Daddy-daughter dates are happening all of the time, everywhere, and that's great!
We want to see that.
We want to see men who are dads "stepping it up" and devoting their time to their dear, impressionable young daughters.
But, the truth is, just as much as a father needs to dine with, talk to, and listen to his daughter, so does her mother.
When our children are young – and even into their adolescent years – many of us focus on each parent spending time with the opposite sex child.
Daddies and daughters do their thing as mothers and sons do the same.
While I wholeheartedly agree that my little man needs one-on-one time with me and that both my princesses deserve alone time with their first ever prince, my role in my daughter's life is of the utmost importance as well.
You see, while daddy-daughter dates are significant for a lot of reasons, there are just as many (if not more) reasons that mothers need to date their daughters.
Here are the top three reasons why us mothers need to “date” our female children.
** Mothers and daughters tend to live a sort of parallel life. **
Your young daughter more than loves you, she is enthralled with you; and yes, this is still the case despite her eye rolling and the sass she slings in your direction.
The mother-daughter connection is so intertwined that whether you realize it or not, she is modeling much of her behavior and mannerisms after you.
During the daily hustle and bustle of activities, you are not always mindful of your words and actions, so spending purposeful and directed time with your daughter -- at least a few days a month -- helps to ensure that you are exuding, for her observation, the values in yourself which you want for her to uphold.
** Daughters learn from their mothers what love is supposed to look and feel like. **
And, unfortunately, love is not always going to look pretty.
It is not always going to be wrapped in a tight, beautifully shaped bow.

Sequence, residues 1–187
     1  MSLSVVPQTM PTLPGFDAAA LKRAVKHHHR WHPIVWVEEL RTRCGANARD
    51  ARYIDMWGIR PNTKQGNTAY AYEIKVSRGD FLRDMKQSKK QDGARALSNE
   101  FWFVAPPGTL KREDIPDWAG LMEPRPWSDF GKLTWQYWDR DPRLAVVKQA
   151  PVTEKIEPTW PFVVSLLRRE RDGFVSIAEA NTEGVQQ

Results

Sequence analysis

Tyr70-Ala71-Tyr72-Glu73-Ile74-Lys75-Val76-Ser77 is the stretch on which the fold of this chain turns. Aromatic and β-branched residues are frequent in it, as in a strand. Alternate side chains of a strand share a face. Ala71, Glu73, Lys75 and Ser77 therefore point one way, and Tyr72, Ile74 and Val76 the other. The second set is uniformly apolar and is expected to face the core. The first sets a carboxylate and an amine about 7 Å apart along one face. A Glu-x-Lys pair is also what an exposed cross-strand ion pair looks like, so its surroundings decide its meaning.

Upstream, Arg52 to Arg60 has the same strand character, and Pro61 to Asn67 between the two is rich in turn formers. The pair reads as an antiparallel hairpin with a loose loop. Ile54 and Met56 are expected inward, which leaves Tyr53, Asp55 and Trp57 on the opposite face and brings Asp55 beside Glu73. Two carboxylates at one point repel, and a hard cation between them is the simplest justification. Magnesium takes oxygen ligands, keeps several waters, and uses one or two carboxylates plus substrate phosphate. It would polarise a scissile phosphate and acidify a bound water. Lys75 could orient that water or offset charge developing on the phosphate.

Sometimes love looks tired, even exhausted.
Sometimes it looks frustrated or impatient.
Sometimes love seems perplexing.
And, that is because love is all of these things.
There are many types of love and if it's confusing for us in our adult-age, imagine how much more baffling it can be for our daughters.
There are also many things that look like love but are not, and these one-on-one mommy and daughter dates are necessary so that we can show them and talk to them about what love is while answering all of the many, questions that she will have about it.
** The gift of a mother's time is the biggest compliment to her female child. **
Parents are busy; I know.
And, mothers, who are typically the ones being incessantly beckoned, desired and needed by their children, are especially busy.
Giving your daughter the gift of your uninterrupted time and non-distracted presence is the greatest compliment you could give her.
Taking her out on a mommy-daughter date, it will build her self-confidence more than you could ever imagine.
By devoting your undivided attention to her and the outing/adventure you have embarked on, she will take away just how special she is and just how accepted, happy, and at peace, she deserves to feel.
I wrote another piece about fathers needing to love their wives as they want their daughters to be loved, concluding that the greatest gift a father can give to his daughter is to love her mother.
Well, here's some advice I'll leave you mothers with, including myself, with the hopes that sharing this with you reminds me of the very same:
The greatest gift we can give to our daughters is our TIME, even when we are short on it.
The laundry can wait.
The dishes can wait.
Work can wait.
Phone calls, texts, and social media checks can wait too.
Who can't wait and who shouldn't wait, is your daughter.
Don't make her wait.
Take her out on a date this week and every week if you can, and you will forever reap the benefits of raising a woman who knows her value in this world.
She will grow and demand to be loved in the way she deserves — the way her mother loves her.
This article originally appeared on EverydayFamily and was later republished by CafeMom and InspireMore.
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